Endoscopic image of a benign peptic stricture
|Classification and external resources|
It can be caused by or associated with gastroesophageal reflux disease, esophagitis, a dysfunctional lower esophageal sphincter, disordered motility, lye ingestion, or a hiatal hernia. Strictures can form after esophageal surgery and other treatments such as laser therapy or photodynamic therapy. While the area heals, a scar forms, causing the tissue to pull and tighten, leading to difficulty in swallowing.
Symptoms of esophageal strictures include heartburn, bitter or acid taste in the mouth, choking, coughing, shortness of breath, frequent burping or hiccups, pain or trouble swallowing, throwing up blood, or weight loss.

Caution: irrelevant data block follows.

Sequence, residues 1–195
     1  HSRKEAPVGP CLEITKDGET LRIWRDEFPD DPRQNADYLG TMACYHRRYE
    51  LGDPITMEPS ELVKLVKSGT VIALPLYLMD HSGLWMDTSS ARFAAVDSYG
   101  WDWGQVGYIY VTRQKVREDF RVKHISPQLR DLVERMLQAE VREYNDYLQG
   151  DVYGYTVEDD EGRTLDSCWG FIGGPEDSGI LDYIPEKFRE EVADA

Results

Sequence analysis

If it is caused by esophagitis, in turn caused by an underlying infection, it is commonly treated by treating the infection (typically with antibiotics). In order to open the stricture, a surgeon can insert a bougie – a weighted tube used to dilate the constricted areas in the esophagus. It can sometimes be treated with other medications. For example, an H2 antagonist (e.g. ranitidine) or a proton-pump inhibitor (e.g. omeprazole) can treat underlying acid reflux disease.
- Shaker, Reza; Belafsky, Peter C.; Postma, Gregory N.; Easterling, Caryn, eds. (27 September 2012). Principles of Deglutition. Springer Science & Business Media. p. 746. ISBN 978-1-4614-3794-9. Retrieved 26 June 2016.
Chronic GERD is the most common etiology of benign esophageal strictures, referred to as peptic strictures.
- Ginex, Pamela K., Manjit S. Bains, Jacqueline Hanson, and Bart L. Frazzitta. 100 Questions & Answers About Esophageal Cancer (100 Questions & Answers). New York: Jones and Bartlett, Inc., 2005. Print.
- Craner, David J. "Esophageal Strictue". Discovery Health.
- Esophageal Stricture at eMedicine
- PDRhealth – Esophageal Stricture: (http://www.pdrhealth.com/disease/disease-mono.aspx?contentFileName=ND7417G.xml&contentName=Esophageal+Stricture&contentId=506&TypeId=2)